Applications in the future will be connected as services

Software-as-a-service has been commodity for a long period. Microsoft among other vendors is now forming relations and strategies on how applications will act and perform in the near future. For a long period Microsoft has been pushing ISV developers to develop and implement their applications as SmartClient applications. SmartClient applications are actually just small content-frame-holder (as known from the web world), with different services connected to it.

The enablement of this “mashup” is a great and very new approach to an application. A big change to the business model of this is the actual change in the price of an application. Many developers and ISVs have been purchasing components and resource libraries to “bundle” and use in their applications. These components are sold though redistribution agreements and customer license for usage – and not the source code.

In the future world, this will exactly be the same model, just with services connected to the application. Billing and support will change rapidly offering per-usage billing, not the complete price. So in the future you can actually earn money – when you don’t format you documents in Word 😉

Another good example is the connected and business benefits of the model. Using Microsoft Dynamics CRM 4.0 within a hosted model, several add-ons exists in the “could”. Among these, that Business Card reader webservice, which converts your image-business cards into readable contact information – directly imported to Microsoft Dynamics CRM 4.0 in the cloud. As you probably only want oné invoice, only need one support line, several considerations form around the model. But the general idea is now a reality.

Microsoft has released the Buffy Finder concept as an example, and launched Microsoft CSF Sandbox – a new version of the UDDI registry.

Update – 24.04.2008!

Microsoft Clearflow is another really good example on joining Microsoft Virtual Earth, Microsofts new traffic service and mobiltiy into one complete solution!

Corporate Performance Management – from top to toe

Questions regarding company performance, where are we at and how do we perform, is common and in general, something every employee seek to measure their work against. In these years, the amount of information and the availability of these was grown rapidly in the SMB and upper-end SMB market shares. And with current software on the market, and with the distribution and online services available, CPM is not always a pain of problem for the management team to implement.Here are a short dos and don’ts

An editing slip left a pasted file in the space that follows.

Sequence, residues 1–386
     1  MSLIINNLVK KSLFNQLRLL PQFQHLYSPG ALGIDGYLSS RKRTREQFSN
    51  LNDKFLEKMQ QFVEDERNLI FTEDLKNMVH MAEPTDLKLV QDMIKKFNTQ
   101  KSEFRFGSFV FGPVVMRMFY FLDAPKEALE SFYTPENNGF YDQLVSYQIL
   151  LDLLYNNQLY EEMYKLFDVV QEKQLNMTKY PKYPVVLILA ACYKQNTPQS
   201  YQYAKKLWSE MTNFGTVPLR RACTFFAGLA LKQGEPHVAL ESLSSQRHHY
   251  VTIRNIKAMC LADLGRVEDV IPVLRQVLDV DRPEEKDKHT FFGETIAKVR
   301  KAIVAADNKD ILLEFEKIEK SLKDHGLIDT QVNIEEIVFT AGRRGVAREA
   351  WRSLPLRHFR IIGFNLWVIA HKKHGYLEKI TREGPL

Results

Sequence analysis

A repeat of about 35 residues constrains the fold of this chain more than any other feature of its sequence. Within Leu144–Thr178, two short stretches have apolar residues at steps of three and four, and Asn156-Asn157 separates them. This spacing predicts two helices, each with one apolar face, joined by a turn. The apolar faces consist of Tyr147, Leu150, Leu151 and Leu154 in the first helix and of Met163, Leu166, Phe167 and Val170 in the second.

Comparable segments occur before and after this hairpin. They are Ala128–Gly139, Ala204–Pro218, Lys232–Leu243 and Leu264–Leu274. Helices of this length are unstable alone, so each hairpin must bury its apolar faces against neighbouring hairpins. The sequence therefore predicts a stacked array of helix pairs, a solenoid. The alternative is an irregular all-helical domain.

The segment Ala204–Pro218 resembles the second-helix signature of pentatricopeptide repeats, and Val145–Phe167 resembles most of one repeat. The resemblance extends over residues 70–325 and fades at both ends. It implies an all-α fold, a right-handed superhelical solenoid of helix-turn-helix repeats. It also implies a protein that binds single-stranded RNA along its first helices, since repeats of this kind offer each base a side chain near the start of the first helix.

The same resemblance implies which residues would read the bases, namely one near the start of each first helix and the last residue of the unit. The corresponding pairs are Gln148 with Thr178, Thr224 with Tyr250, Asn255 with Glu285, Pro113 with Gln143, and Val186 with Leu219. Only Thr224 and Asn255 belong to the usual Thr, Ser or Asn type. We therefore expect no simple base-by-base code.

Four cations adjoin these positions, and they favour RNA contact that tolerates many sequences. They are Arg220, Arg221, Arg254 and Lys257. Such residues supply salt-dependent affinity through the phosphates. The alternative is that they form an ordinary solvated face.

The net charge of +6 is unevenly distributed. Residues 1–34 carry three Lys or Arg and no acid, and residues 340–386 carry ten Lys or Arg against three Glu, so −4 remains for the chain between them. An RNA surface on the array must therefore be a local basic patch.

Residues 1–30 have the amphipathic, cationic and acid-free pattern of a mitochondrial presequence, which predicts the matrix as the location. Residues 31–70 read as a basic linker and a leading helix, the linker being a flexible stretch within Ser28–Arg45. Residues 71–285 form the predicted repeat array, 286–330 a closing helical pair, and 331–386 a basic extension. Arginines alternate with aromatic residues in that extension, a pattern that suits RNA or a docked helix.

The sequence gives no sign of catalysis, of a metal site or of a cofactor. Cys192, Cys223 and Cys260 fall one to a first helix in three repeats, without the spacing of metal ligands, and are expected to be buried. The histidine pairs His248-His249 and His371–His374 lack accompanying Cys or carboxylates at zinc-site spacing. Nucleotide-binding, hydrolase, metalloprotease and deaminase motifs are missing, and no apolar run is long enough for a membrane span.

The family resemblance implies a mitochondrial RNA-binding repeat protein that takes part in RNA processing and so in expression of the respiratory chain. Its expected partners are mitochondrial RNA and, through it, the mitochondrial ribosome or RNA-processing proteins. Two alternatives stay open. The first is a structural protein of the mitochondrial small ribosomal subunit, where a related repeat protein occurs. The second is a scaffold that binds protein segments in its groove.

Do

  1. Establish a responsible for implementing CPM – one man army, or a common team
  2. Make a roadmap and a short list of what performance you will start to measure
  3. Only use a few external resource, make the strategy from inside the company. But rely on external resources.

Don’ts

  1. First of all, don’t wait! CPM will actually benefit the organization within a few weeks.
  2. Do not make it complex. Start with a SHORT list, not the WHOLE list
  3. Make the strategy support the technologies in the market space. This will help an easy process.

So… if you are planning ahead, here is a short hint. Microsoft released Windows Sharepoint Services 3.0, Office Sharepoint Server 2007 and Performance Point Server. Microsoft Excel is a great tool for KPI and performance analysis, and feather more – Microsoft CRM actually support the WHOLE organization – regardless of type and size (please take me up on this).

Next Generation Software-As-A-Service

We are on the edge of the next generation of software+services. As Exchange, Sharepoint and CRM monetize and become defacto standard for hosters, we seek the next generation of S+S = ISVs going online.

But as a developer there are several converns to what and how applications can be build. These links til show into this.

http://msdn2.microsoft.com/da-dk/architecture/aa479086(en-us).aspx

http://files.skyscrapr.net/users/msdnss/splusarcperspectives.wmv

http://msdn2.microsoft.com/da-dk/architecture/bb906058.aspx

http://blogs.msdn.com/fred_chong/archive/2008/02/10/an-application-marketplace-architecture-for-commercializing-software-and-services.aspx

http://msdn2.microsoft.com/da-dk/architecture/bb499667(en-us).aspx

http://msdn2.microsoft.com/en-us/architecture/aa905332.aspx